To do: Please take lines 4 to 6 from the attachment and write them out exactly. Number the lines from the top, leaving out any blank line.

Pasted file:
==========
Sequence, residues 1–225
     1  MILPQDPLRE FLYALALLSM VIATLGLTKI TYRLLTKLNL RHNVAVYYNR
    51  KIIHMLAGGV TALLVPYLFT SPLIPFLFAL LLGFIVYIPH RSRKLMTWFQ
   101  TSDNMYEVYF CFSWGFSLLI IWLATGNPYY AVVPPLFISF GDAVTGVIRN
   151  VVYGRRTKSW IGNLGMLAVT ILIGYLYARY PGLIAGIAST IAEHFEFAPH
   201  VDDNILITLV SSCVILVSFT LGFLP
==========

   101  TSDNMYEVYF CFSWGFSLLI IWLATGNPYY AVVPPLFISF GDAVTGVIRN
   151  VVYGRRTKSW IGNLGMLAVT ILIGYLYARY PGLIAGIAST IAEHFEFAPH
   201  VDDNILITLV SSCVILVSFT LGFLP